“The act of sharing is one step in a personal story or journey.” He hopes that even just the act of sharing a secret with someone else is therapeutic and one step closer to helping one face one’s true fears.

Meanwhile the lobby fills with GW students and fans from far and wide that wait for the doors to open. At the head of the line are Carla and Katie, two students from the Maryland Institute College of Art in Baltimore. Not only are they fans of the website and art exhibits, the two trekked down the Beltway in hopes of meeting Frank to deliver him postcards of secrets they had designed and had tucked away in their bags.

Daria, a GW sophomore, traveled a bit further to see Frank. A native of Trinidad, she was a fan of the site back home before coming to the US to study at George Washington. Going to college in DC brought her that much closer to her favorite blog, “I’m a nerd for PostSecret… as soon as I knew I was going to GW, I wanted to meet Frank and maybe intern for him,” she said.

The house opens, the auditorium quickly fills up, and Frank walks out to the cheers of hundreds of adoring fans. His talk explores the PostSecret project further, with videos and postcards that weren’t allowed to be published, what Frank calls “the secret Secrets.” Along with the visuals, Frank offers his own personal thoughts and insights on the impact of his project and what he’s learned about humanity and the idea of sharing one’s intimate details.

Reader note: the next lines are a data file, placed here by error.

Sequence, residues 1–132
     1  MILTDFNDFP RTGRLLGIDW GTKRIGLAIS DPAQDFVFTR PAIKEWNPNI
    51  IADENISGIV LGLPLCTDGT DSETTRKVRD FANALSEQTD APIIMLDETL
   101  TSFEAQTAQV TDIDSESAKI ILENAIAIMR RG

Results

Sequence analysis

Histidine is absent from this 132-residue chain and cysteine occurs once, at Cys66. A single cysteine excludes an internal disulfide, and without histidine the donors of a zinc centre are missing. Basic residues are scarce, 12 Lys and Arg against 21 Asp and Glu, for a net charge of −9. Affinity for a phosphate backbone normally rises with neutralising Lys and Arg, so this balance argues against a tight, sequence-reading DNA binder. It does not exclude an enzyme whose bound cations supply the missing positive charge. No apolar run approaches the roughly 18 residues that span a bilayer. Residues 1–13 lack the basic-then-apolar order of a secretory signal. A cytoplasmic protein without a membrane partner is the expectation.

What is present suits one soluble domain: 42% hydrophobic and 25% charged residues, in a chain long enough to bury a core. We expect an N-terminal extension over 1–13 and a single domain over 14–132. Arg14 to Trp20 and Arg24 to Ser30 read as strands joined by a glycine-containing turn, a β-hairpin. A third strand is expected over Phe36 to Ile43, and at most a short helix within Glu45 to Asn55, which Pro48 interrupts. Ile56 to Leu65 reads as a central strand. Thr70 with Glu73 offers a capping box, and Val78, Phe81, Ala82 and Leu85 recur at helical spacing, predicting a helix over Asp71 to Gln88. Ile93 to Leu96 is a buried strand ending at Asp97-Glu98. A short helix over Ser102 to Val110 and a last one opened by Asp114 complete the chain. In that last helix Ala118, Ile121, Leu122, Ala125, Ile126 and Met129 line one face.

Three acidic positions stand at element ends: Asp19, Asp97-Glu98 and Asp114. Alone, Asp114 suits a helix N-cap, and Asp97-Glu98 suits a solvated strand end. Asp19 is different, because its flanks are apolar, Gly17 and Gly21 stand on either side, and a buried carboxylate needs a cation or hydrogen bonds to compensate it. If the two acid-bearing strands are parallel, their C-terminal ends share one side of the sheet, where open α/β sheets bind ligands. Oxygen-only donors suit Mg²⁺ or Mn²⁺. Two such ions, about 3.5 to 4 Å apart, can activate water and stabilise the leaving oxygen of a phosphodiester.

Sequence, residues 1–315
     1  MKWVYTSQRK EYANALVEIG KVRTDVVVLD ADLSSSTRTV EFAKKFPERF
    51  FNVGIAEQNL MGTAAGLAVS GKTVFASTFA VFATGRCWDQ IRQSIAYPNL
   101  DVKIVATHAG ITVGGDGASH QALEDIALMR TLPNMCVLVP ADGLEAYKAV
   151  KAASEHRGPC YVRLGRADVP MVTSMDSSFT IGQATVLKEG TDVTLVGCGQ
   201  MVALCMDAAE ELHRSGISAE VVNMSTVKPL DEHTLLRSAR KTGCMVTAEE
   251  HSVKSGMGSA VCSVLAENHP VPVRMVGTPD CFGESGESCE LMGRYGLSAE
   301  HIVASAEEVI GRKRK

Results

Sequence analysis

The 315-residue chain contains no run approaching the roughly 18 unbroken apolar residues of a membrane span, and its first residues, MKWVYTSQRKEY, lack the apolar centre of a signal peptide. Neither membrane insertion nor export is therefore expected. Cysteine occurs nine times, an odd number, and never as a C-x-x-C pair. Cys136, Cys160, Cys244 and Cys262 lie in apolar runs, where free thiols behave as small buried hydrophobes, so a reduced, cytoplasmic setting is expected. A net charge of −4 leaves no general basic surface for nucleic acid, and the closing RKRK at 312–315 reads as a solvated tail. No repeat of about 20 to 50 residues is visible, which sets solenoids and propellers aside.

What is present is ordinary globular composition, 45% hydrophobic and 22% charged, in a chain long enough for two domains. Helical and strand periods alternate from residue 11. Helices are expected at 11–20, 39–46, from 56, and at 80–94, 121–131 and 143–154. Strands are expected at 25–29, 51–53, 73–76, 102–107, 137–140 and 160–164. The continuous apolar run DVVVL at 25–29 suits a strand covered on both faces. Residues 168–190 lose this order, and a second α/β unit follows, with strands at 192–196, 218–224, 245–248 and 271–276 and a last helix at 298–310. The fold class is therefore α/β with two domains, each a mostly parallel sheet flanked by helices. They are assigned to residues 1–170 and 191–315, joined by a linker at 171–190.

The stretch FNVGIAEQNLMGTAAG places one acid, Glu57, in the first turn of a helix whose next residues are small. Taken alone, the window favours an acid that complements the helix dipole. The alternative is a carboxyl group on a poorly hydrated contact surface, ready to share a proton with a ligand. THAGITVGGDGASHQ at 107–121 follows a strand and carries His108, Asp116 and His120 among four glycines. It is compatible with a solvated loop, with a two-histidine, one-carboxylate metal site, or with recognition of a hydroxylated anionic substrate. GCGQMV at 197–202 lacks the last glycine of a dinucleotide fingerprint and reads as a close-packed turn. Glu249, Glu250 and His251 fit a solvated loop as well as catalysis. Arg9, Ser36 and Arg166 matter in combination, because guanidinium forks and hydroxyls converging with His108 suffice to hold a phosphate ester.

At the end of the show he shares with the audience a personal secret of his own, but there is one secret that is left to be discovered after the show is over. Before the show Frank took 200 actual postcards sent to PostSecret and inserted them into the PostSecret books that were for sale in the lobby. As fans pick up copies to have autographed at a post show signing, a surprise awaits them between the pages of secrets.

Kristen Adams and Lisa Lustig from Fairfax, VA are two George Mason alumni who decided on attending to the show after hearing about it days before. They were lucky to grab tickets before it completely sold out. After getting their books signed they thumbed through the newly purchased items and ran across the postcard. At first they take it for as a promotional item. “I thought the secret was fake, but when I took it out, I realized it was a real secret. I feel special that I’m not entrusted with someone’s secret!” remarked the surprised Lustig.

Tamara and Rebeka, two GW freshmen were so excited to find an actual PostSecret postcard that they are reconsidering the purpose of their recent purchases- as gifts for family members. Rebeka explained, “This was going to be a gift for my sister but now that I have a real PostSecret secret- it’s mine now!”